“Feel love.” with Beau Henderson & Jeff Walker

Feel love. Everyday I make sure that I feel and share love with my wife and my children. I make sure we have physical hugs and contact. I make sure that nobody ever goes to be being upset without the chance to talk about what is going on. As a part of my series about […]

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Feel love. Everyday I make sure that I feel and share love with my wife and my children. I make sure we have physical hugs and contact. I make sure that nobody ever goes to be being upset without the chance to talk about what is going on.

As a part of my series about “Mental Health Champions” helping to promote mental wellness, I had the pleasure to interview Jeff Walker.

Jeff is a Rhyme Master, Rap Coach, and Qualified Mental Health Professional with a Masters in Educational Psychology and Counseling. Jeff uses his unique healing techniques with clients across the world for over 15 years. He is the creator of Rhymecology, which uses the power of hip-hop lyrics and culture to help people express, discover, and re-create their stories. Jeff’s products include his books, “Rhymecology: Using Hip-Hop to Heal” and “The Art of Hip-Hop Lyrics”, as well as the new “The Rhymecology Game, all of which connect therapists, counselors, and teachers, to the youth of whom they serve. Jeff has been featured on ESPN, 60 Minutes, Fox Sports, Inside the NBA, HuffPost, and more.

Rhymecology® helps people express, discover, and create themselves through the study and power of hip-hop lyrics and culture.

Thank you so much for doing this with us! Before we dig in, our readers would like to get to know you a bit. Can you tell us a bit how you grew up?

I grew up as a child of Kodak Film, which was in international film company my Dad worked for. So we moved, not countries, but CONTINENTS almost every two years until I was 12. So I had to adjust to languages, cultures and people on the fly often. When my parents split up, I found my self in Northern California trying to fit in with kids who had lived their since they were born. Eventually I found sports and music and was able to gain self esteem and a sense of self.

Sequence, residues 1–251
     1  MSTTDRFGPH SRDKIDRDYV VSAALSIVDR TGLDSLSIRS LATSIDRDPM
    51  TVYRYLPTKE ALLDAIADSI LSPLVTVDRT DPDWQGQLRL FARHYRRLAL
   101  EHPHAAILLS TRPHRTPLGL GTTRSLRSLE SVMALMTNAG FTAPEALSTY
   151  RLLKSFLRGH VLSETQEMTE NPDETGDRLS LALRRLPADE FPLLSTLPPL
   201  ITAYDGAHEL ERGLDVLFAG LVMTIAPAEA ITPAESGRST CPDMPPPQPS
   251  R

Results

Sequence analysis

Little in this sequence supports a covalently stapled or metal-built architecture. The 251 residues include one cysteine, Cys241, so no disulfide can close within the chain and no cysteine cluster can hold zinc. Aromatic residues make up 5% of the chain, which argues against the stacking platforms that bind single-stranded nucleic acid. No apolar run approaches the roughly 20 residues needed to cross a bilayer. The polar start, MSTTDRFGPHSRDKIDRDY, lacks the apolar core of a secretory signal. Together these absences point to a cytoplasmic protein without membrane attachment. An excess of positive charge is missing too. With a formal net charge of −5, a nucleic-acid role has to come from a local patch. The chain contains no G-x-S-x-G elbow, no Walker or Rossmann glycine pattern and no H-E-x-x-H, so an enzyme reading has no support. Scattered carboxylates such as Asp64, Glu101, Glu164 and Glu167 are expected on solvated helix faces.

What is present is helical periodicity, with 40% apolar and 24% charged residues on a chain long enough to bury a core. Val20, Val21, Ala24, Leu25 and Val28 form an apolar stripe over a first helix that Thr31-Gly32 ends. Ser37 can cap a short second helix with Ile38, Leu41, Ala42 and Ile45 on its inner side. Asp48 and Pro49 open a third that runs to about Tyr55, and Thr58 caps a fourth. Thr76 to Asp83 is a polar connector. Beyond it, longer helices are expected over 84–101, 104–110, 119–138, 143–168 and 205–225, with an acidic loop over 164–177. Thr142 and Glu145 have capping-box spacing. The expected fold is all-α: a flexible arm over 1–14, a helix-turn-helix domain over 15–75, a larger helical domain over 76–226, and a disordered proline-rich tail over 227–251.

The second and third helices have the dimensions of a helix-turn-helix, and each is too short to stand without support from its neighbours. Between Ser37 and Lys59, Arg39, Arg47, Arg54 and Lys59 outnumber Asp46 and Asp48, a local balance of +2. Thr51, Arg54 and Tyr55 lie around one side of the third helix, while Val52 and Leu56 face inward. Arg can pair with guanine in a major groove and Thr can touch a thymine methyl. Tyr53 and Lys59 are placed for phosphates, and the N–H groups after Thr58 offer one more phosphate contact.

You are currently leading a social impact organization that is helping to promote mental wellness. Can you tell us a bit about what you or your organization are trying to address?

Rhymecology promotes mental health wellness in creative ways, specifically using the written and spoken word. We specialize in Hip-Hop as a healing tool for youth who are into or affected by Hip-Hop culture. We address past trauma, setting and achieving goals, critical thinking about Hip-Hop music and self-reflection through rap and rhyme.

Can you tell us the backstory about what inspired you to originally feel passionate about this cause?

Rhymecology was created because I have been working as a mental health counselor in Los Angeles at the same time as maintaining a career in music and performance. I saw a need in the field where most therapists and counselors did not have the connection or knowledge of hip-hop, which can be such and important connection to make with our impressionable youth. So Rhymecology in a sense is the bridge between the youth being served and the workers serving them.

Many of us have ideas, dreams, and passions, but never manifest it. They don’t get up and just do it. But you did. Was there an “Aha Moment” that made you decide that you were actually going to step up and do it? What was that final trigger?

The moment was when I wrote a spoken word poem called “Therapy” in which I play two characters, a therapist and a client. I have them going back and forth in rhyme. I was channeling my clients as well as therapist peers. When I performed this piece, both at mental health agencies and in Hollywood, I often had the audience in tears saying they had never heard something like that before. It cemented my idea that the hip-hop and mental health world need to connect.

Can you share the most interesting story that happened to you since you began leading your company or organization?

I always go back to this story of three “at-risk” youth who were all brothers. They lived with their aunt and would never talk about their biological mother. When they learned that I rap and heard my music, they said they wanted to try it. I helped them but asked them to write something about their mother. The story was incredible, about “moving the desert plants with our hands, hiding in the sands” and how their mother eventually went to jail, “but we couldn’t afford bail, we felt like we had failed”…etc. That story always jumps out and was also the “final trigger”.